Thank you for writing to us here at National Runaway Safeline (NRS). We understand it takes great courage to reach out, and we appreciate you sharing a little bit about what’s going on. It sounds like you’re quite overwhelmed by things at home right now and you mentioned being harmed. We’re sorry you’re going through this. You don't deserve to be hurt in any way. If you are at risk of any danger or feeling unsafe, we encourage you to reach out to 911 or seek emergency assistance immediately. You may also be able to report any mistreatment to CPS. Child Help USA 1-800-422-4453 www.childhelp.org is an organization that helps protect minors from being harmed. They can tell you more about how CPS could respond to your situation. If you ever need assistance calling out to CPS to make an abuse or neglect report please call is at 1-800-RUNAWAY.

        While we are not experts on the law, 18 is generally the age that an individual may leave home without parent permission. That is if your mom does not have custody of you. If you are under 18 and leave home, your parent/guardian may file you as a runaway and you may be returned home. Also, those you stay with may run the risk of being charged with harboring a runaway. For more specifics on the law, the local non-emergency police or legal aid may better answer legal questions.

        Often, having a safe space to share how you’re feeling may bring a variety of solutions previously not thought of. You are not alone in this. We want you to know that we are here as support to help you through this challenging time.

        If you would like to talk more in detail please chat soon through our website www.1800runaway.org (click on the chat button) if you are unable to call in. We unfortunately cannot give advice as we are non-directive. You know your situation best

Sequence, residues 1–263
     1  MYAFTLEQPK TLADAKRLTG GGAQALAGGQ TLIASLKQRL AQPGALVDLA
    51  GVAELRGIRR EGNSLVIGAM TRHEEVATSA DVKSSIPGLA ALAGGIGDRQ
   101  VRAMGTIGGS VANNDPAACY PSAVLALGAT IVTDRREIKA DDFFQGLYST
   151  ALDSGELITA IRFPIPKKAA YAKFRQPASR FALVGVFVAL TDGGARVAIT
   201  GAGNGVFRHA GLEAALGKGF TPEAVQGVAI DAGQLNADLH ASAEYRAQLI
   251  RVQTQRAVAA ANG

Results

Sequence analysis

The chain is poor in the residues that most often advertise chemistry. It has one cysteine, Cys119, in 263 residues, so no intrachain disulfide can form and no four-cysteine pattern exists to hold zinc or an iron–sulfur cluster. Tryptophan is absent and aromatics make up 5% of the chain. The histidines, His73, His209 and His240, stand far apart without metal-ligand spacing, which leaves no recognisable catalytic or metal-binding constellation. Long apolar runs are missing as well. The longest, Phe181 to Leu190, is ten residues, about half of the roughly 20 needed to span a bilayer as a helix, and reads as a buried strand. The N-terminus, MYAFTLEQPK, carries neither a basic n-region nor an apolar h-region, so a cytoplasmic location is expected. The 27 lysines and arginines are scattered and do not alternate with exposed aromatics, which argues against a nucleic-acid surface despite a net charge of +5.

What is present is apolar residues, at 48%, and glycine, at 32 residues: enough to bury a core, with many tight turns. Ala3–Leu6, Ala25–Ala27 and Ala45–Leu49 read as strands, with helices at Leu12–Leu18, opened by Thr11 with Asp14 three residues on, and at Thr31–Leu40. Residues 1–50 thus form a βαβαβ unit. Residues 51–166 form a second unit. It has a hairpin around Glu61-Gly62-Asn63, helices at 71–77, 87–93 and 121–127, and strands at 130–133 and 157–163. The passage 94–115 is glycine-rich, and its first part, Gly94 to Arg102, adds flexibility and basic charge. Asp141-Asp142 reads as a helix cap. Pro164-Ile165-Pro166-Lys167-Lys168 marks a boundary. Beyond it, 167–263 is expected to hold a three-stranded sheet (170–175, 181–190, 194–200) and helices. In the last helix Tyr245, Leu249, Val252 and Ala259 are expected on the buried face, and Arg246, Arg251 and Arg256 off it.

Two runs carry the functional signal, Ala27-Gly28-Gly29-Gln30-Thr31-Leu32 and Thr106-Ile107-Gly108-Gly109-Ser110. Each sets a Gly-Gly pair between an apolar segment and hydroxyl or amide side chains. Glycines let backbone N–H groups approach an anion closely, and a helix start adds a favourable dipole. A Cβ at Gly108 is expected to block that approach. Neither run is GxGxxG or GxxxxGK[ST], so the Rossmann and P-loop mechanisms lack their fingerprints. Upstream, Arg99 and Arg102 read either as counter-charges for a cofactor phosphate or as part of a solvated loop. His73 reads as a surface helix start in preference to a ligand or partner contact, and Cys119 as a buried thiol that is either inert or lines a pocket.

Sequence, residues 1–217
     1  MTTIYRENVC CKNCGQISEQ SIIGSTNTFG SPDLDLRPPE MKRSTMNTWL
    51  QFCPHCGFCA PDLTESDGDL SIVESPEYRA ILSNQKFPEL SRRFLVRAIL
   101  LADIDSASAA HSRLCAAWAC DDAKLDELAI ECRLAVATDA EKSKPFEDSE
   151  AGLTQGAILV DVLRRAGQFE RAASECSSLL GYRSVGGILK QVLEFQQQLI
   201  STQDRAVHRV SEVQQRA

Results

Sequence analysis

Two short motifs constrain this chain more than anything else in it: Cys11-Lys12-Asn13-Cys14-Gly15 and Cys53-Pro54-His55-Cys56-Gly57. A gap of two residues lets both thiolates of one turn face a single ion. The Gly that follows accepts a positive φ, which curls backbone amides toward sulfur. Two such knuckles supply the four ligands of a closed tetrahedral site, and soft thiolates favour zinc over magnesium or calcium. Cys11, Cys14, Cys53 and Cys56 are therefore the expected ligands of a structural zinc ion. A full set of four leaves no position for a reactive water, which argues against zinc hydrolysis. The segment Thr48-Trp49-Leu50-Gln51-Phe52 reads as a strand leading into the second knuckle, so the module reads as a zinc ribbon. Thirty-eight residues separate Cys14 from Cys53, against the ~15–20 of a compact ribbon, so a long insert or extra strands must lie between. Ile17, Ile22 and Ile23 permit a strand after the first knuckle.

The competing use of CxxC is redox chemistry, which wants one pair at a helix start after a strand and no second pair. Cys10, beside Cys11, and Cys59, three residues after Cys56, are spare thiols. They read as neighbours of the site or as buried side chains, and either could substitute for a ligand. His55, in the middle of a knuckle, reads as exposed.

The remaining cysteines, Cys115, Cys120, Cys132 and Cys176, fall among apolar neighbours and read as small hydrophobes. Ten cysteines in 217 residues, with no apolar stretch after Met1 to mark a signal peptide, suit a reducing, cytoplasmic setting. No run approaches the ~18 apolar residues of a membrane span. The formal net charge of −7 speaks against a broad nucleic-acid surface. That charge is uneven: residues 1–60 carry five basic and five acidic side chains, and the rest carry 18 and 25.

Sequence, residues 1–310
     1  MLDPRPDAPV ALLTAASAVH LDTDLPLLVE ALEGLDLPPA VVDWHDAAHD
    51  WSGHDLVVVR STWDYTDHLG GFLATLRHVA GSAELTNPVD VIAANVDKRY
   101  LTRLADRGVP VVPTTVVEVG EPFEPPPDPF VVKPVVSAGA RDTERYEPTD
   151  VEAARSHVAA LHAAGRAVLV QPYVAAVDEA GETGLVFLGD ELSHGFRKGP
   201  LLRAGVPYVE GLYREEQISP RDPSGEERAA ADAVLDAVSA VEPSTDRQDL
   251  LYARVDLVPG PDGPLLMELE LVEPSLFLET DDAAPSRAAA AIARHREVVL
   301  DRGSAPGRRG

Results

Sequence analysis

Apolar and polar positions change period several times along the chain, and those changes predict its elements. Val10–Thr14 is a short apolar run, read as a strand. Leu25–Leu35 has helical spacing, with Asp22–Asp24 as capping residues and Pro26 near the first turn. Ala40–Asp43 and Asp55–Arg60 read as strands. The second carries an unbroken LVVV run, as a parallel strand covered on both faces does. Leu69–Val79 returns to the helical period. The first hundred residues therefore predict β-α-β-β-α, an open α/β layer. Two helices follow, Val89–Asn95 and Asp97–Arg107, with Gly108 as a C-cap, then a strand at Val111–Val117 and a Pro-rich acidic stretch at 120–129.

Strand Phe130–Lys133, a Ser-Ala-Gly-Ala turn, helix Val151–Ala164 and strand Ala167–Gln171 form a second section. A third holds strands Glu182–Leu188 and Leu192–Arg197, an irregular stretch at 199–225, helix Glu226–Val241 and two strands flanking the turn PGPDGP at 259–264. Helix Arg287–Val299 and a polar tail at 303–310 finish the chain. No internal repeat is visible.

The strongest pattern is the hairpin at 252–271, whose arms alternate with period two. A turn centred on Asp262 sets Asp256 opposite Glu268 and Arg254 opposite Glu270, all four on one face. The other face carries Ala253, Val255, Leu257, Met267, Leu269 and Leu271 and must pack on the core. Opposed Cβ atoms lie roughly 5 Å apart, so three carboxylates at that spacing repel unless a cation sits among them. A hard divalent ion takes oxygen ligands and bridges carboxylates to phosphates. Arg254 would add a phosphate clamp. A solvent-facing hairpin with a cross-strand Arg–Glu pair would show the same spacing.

We hope to hear from you soon.

        Be safe,

        NRS

    • #6
      I’m a little younger than 15 and I want my father to have full custody of me. My mother has been remarried and has another kid with her new husband and I feel like I’ve been doing too much around the house and I get neglected about it afterwards. How do I quickly move into my father’s house? What do I do if I don’t want to see my mom anymore?

      Comment


      • ccsmod5
        ccsmod5 commented
        Editing a comment
        Hi there,

        Thank you for writing to us here at National Runaway Safeline (NRS). We understand it takes great courage to reach out, and we appreciate you sharing a little bit about what’s going on. It seems there is a lot that you are faced with right now and you’re feeling like leaving is one of your only options. We’re sorry you’re in this situation with your mom, if your dad has partial custody there may be some ways for you to live with him legally and be in the clear.
        While we are not experts on the law, 18 is generally the age that an individual may leave home without parent permission. If you are under 18 and leave home, your parent/guardian may file you as a runaway and you may be returned home. Also, those you stay with may run the risk of being charged with harboring a runaway. For more specifics on the law, the local non-emergency police or legal aid may better answer legal questions.
        If your dad has partial custody though, then he would also be considered a legal guardian as well. We could help you find some legal aid resources in your state that may help in clarifying some questions for you and for your dad. It may be an option as well to have someone help you talk to your mom about wanting to transfer primary custody to your dad.
        We are here as support to help through this challenging time. We can best help by phone or chat as NRS is unable to respond more than twice by email to assist you. If you would like to talk more in detail please call or chat soon.
        Our contact information is 1-800-RUNAWAY (786-2929); www.1800runaway.org (click on the chat button).
        If you are at risk of any danger or feeling unsafe, we encourage you to reach out to 911 or seek emergency assistance immediately.

        Be safe,
        NRS